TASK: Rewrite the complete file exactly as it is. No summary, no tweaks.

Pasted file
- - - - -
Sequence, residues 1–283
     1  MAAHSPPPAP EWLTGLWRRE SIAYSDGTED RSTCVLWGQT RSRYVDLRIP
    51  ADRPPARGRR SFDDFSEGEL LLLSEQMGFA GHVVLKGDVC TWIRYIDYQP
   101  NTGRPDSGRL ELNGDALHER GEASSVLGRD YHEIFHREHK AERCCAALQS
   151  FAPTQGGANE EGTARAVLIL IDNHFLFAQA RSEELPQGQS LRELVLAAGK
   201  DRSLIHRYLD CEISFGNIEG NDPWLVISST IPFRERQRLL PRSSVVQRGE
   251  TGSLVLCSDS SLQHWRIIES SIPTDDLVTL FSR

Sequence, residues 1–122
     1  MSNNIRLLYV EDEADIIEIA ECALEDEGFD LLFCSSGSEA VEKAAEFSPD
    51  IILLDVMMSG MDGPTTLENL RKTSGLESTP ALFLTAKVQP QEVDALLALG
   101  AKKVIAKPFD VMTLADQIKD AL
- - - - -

Sequence, residues 1–283
     1  MAAHSPPPAP EWLTGLWRRE SIAYSDGTED RSTCVLWGQT RSRYVDLRIP
    51  ADRPPARGRR SFDDFSEGEL LLLSEQMGFA GHVVLKGDVC TWIRYIDYQP
   101  NTGRPDSGRL ELNGDALHER GEASSVLGRD YHEIFHREHK AERCCAALQS
   151  FAPTQGGANE EGTARAVLIL IDNHFLFAQA RSEELPQGQS LRELVLAAGK
   201  DRSLIHRYLD CEISFGNIEG NDPWLVISST IPFRERQRLL PRSSVVQRGE
   251  TGSLVLCSDS SLQHWRIIES SIPTDDLVTL FSR

Sequence, residues 1–122
     1  MSNNIRLLYV EDEADIIEIA ECALEDEGFD LLFCSSGSEA VEKAAEFSPD
    51  IILLDVMMSG MDGPTTLENL RKTSGLESTP ALFLTAKVQP QEVDALLALG
   101  AKKVIAKPFD VMTLADQIKD AL